• A QROPS is a pension which is held outside of the UK; therefore, it provides some protection against future legislative changes that might take place impacting pensions based in the UK. Chancellors of the Exchequer have for many years now seen pensions as an easy target for raising tax revenue
  • Moving pensions funds into a QROPS is an action that is known as a Benefit Crystallisation Event (BCE) and your pension will be tested against the UK Lifetime Allowance (LTA) at the time of transfer. Should your pension subsequently grow in value in a QROPS beyond the LTA (currently £1,073,000) there will be no further test or tax to pay. Currently, pensions in excess of the LTA can be taxed at up to 55% in the UK, depending on the type of withdrawal (lump sum or drawdown). Although in some cases, you may be able to enhance the LTA limit with different forms of pension protection
  • Tax planning opportunities for your nominated beneficiaries on the event of your death. Currently, if you are over 75 when you die (most of us hope this will be the case) then a tax liability exists for your beneficiaries in relation to UK based pensions. This liability could be greatly reduced and often no tax is payable if certain conditions are met

One disadvantage of some QROPS is the level of fees. Because of the structure of a QROPS requiring an offshore investment platform, EU based trustee (typically Malta-based) and sometimes a Discretionary Fund Manager (DFM), costs can in some cases become prohibitive. However, regardless of pension value, there is scope to control both initial and ongoing charges. With proper planning, cost should not be an obstacle to establishing a QROPS.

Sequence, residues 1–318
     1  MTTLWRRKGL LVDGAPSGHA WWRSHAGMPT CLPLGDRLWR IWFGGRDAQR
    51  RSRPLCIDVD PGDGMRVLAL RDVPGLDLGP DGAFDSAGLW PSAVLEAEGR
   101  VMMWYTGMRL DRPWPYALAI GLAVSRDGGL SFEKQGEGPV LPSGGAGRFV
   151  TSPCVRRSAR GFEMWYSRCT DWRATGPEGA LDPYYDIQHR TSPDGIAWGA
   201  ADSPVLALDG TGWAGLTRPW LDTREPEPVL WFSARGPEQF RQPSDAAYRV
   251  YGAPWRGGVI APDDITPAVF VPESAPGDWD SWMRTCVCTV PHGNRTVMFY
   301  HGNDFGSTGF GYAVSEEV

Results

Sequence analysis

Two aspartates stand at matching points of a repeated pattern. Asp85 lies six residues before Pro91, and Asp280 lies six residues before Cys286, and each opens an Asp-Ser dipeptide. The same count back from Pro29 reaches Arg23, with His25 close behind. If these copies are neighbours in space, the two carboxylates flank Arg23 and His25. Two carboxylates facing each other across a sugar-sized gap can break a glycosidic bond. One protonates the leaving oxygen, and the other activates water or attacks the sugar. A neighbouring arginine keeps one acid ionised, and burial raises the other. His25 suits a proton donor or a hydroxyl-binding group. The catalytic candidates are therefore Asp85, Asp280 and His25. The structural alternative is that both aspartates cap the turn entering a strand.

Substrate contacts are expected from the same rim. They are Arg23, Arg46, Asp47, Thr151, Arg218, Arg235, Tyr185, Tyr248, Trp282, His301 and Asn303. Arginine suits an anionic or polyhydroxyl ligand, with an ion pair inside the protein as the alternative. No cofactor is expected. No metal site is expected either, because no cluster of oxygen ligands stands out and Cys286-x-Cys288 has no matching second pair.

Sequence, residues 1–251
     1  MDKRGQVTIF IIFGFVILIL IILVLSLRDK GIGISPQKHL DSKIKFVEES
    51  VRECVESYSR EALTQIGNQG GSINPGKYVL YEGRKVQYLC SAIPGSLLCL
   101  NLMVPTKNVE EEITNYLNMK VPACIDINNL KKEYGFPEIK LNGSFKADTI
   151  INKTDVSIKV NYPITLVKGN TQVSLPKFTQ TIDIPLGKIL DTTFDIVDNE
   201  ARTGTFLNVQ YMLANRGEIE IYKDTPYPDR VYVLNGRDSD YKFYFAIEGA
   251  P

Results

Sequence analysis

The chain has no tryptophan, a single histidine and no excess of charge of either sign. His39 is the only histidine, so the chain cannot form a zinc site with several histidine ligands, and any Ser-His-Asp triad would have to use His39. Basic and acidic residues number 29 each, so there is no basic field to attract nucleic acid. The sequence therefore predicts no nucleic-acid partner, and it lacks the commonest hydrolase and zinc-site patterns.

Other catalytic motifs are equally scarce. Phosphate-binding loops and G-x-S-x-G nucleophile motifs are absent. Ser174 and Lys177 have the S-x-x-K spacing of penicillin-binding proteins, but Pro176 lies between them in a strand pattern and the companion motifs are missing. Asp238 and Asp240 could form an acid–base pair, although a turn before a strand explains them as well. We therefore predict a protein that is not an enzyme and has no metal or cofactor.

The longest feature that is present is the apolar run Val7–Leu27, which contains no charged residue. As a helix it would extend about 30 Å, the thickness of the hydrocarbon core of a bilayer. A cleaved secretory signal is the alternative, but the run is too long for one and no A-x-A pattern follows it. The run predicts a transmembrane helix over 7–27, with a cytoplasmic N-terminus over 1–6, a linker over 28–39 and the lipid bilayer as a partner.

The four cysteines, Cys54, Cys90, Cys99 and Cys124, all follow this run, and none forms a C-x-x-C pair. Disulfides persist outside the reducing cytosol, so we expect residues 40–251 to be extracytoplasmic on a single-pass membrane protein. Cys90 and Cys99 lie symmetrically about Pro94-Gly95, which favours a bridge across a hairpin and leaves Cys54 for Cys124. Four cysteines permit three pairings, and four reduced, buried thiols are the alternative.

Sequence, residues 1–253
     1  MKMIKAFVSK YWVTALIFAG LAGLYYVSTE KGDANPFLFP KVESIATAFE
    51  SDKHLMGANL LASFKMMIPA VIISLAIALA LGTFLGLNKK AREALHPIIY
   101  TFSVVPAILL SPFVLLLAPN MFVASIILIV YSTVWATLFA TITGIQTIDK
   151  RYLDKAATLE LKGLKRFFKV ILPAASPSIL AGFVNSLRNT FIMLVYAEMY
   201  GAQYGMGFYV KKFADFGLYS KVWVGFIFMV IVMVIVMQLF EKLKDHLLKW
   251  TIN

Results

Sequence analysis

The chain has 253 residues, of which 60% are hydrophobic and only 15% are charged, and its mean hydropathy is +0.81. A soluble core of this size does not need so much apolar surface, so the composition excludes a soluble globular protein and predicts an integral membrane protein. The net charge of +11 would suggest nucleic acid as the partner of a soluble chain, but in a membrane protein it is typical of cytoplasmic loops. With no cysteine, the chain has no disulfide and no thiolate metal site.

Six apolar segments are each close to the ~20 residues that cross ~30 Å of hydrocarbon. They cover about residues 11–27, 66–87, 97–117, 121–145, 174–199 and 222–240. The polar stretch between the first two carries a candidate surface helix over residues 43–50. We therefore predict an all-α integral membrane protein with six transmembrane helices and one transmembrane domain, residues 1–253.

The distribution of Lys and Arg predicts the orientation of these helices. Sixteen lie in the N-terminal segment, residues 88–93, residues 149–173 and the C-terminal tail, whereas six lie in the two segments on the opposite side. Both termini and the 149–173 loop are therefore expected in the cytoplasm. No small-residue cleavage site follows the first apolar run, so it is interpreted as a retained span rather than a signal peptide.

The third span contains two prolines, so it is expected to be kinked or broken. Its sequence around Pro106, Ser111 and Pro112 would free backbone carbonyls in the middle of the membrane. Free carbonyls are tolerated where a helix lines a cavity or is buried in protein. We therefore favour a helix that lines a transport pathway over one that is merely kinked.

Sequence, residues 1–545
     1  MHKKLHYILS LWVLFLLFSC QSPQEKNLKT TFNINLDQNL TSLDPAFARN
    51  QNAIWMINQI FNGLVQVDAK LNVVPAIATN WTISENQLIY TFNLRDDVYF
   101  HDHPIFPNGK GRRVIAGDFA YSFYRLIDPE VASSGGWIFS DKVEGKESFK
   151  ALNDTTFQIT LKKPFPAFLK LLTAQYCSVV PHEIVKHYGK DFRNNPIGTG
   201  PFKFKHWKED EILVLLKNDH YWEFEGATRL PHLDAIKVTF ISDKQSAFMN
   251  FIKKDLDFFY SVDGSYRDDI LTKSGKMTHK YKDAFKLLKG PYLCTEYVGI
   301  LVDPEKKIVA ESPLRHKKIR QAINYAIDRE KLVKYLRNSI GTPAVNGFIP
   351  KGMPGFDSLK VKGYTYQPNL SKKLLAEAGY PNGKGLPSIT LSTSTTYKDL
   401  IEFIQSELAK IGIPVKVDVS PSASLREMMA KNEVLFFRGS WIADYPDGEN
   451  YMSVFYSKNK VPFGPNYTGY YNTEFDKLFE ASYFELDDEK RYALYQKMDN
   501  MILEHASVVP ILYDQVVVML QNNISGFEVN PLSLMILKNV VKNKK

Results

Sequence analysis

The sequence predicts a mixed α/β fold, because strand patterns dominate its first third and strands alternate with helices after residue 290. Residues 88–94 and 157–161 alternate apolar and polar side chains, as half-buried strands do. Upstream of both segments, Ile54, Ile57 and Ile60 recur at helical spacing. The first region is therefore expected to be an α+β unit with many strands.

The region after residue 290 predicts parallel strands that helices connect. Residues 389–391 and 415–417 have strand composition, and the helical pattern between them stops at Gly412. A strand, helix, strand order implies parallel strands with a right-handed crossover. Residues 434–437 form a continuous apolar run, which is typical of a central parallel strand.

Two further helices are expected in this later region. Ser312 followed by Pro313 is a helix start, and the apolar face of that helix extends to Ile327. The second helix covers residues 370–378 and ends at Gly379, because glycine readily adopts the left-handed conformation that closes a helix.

A SIPP has some of the advantages of a QROPS in relation to currency flexibility and consolidation, but because it remains a pension structure domiciled in the UK, the tax advantages in relation to the LTA and Death Benefits for heirs do not apply. Also, it remains exposed to any legislative changes made by the UK Government in future budgets.

However, if you plan to move back to the UK or prefer to keep your pension based in the UK, then this is an option that may be suitable.

What I mean by this, is that if you have a good, well-funded Defined Benefit (final salary) scheme and also one or more Defined Contribution (money purchase) pensions schemes, you have the option to move one or more into another structure (e.g. QROPS or International SIPP) and leave some of the schemes in place. For example, you may want to keep the security of a guaranteed pension that a Defined Benefit scheme provides but move your other DC pension schemes into a QROPS or SIPP and secure the benefits that ensue from these structures.

Other considerations